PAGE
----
If you are going to have something with the nutritional equivalent of a candy bar why not actually have a candy bar that tastes great? Opt for a snickers or twix instead.

Why so much sugar?
In their early development, nutrition bars were bland and primarily eaten by fitness enthusiasts. However, the bars underwent a transformation to appeal to general consumers. The bland, stiff, and protein packed bars didn’t necessarily appeal to the general population. To compensate, manufacturers made their products more flavorful by adding corn syrup, sugar, sugar alcohols, artificial sweeteners, artificial flavors, colors and hydrogenated oils, which are all bad for your health.
I copied most of this article here:

http://kevindeeth.wordpress.com/2012/05/18/the-truth-about-nutrition-bars/

For more, click the link


8 comments:

Fatguy said...

Away from the bars, nutritional content can be a bit misleading. If something has less than 1 gram of anything, it can be reported as zero. I follow a LCHF diet, which allows for heavy whipping cream to be added to my coffee (delish!). 1 tbsp of this, contains .6 grams of carbs, and is labeled as 0 in the nutrition label printed on the carton. For someone watching carbs, and shooting for a specific number of grams, the count can be thrown off.

Diana said...

I've done 2 century rides in the last 2 years and the first one I took along a energy bar or two and of course my beloved GU gels and chomps. The 2nd ride I opted to take along baggies full of pretzels, almonds, and M&M's. When we stopped for bathroom brakes and food-I chose to buy regular candy bars. I did much better actually on the 2nd ride than the first.
Today I did a 15 mile run and all I had with me was a bag of GU chomps, a handful of Tootsie Rolls and some great music-that run was a sugar high to beat all and to be honest....it was the best long run I've had in a long time.
So not sure if I'm doing anything wrong, but my stomach handles this crap better than the so-called "healthy, energy crap"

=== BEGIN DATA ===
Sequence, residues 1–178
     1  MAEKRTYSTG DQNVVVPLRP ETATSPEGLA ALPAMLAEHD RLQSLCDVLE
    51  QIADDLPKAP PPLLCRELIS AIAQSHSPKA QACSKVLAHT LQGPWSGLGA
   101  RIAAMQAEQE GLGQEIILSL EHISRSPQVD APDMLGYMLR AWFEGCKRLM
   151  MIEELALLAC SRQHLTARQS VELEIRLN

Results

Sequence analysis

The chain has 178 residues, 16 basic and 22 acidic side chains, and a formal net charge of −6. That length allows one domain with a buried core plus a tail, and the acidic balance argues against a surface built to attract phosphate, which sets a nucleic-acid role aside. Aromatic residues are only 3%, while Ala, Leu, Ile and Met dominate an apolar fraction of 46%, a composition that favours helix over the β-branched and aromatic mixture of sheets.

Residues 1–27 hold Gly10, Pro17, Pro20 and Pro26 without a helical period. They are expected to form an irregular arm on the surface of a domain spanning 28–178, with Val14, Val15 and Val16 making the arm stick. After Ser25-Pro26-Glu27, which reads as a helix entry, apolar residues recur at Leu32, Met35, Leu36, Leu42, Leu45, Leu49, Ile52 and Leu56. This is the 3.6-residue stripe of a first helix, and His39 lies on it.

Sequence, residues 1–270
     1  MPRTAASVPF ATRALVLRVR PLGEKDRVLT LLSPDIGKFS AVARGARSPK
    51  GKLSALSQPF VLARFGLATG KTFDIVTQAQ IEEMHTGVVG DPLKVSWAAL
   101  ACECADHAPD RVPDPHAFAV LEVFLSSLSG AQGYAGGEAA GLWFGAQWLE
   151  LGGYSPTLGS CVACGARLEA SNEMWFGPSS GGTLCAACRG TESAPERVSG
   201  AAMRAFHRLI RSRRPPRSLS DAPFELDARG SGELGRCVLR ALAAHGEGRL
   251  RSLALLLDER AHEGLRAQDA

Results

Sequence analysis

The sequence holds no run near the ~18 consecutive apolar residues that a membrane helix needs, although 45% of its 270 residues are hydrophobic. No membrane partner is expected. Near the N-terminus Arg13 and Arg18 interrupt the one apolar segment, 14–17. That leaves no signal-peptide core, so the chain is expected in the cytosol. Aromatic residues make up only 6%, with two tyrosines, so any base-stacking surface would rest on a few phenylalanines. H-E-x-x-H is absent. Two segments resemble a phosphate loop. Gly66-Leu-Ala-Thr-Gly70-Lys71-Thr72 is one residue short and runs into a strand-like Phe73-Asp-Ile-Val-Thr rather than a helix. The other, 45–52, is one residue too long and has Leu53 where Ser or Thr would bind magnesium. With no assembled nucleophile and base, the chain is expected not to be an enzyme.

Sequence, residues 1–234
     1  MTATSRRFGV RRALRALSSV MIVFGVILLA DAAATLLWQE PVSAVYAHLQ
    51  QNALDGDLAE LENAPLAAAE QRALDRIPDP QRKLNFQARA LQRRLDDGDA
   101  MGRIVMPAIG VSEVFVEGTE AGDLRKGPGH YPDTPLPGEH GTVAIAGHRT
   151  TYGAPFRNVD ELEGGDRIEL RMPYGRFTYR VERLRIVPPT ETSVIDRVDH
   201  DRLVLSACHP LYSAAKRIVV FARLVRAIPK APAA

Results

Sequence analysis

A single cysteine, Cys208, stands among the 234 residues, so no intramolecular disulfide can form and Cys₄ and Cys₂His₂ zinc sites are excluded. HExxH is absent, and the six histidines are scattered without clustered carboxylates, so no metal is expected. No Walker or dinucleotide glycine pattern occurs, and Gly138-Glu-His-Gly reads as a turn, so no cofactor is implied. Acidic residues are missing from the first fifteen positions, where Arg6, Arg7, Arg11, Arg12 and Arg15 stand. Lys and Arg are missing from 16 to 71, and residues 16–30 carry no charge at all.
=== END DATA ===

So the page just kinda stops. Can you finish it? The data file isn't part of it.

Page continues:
Oh yeah....my recovery after the run? A glass of ice cold chocolate milk! That I swear by and will drink it for recovery (after something really big like marathons and long rides) till I die.
On a good note....I'm 3 weeks diet dew free! ;)

guy said...

I never was into bars in the 1st place lucky me, but very informative and I know a few people who eat them, I will have them read this.

Unknown said...

I found this 30 gram protein bar at Sam's Club:
Total calories 270
Total protein 30g
Total fat 6g
Sodium 330mg
Potassium 340mg
Total Carbs 26g
Sugars 9g
Seems like a reasonable choice.
George

Tracy Reifkind said...

FG, It's about awareness to make choices. At the end of the day if I chose a candy bar I'll feel fine about it....I can't feel fine about fake candy bars trying to disguise themselves as healthy foods, or "healthier" foods....nothing wrong with a candy bar given the right circumstances (I'll probably get in trouble for saying that, lol).

If it looks like a duck, and quacks like a duck....

Eat real foods, or don't complain.

Tracy Reifkind said...

Diana,

Sugar has never been my enemy! How much I chose to consume depends on what I know about how it affects me. Same with any food group.

I wrote these "rules" for a specific reason, not because I think energy bars, protein, bars or candy bars are "bad", but because these types of choices contribute to "mindless eating".

Consciously making choices relieves you of playing victim to circumstances instead of creating your current condition.

If you current condition is a 15 mile run, 2 century rides in the last two years, then knock yourself out with what you know to carry you through!

Tracy Reifkind said...

Guy,

If everybody makes informed choices what more could you ask for?

Tracy Reifkind said...

Unknown George,

If you are overweight and wanting to change this condition then consider "NO Bars", period.

It's about establishing the habits of feeding yourself real, whole foods, made at home. You only have one true responsibility, yourself. If you are not your best then how much can you really "be there" or give to others?

Oh and stay the hell out of Sam's Club! lol!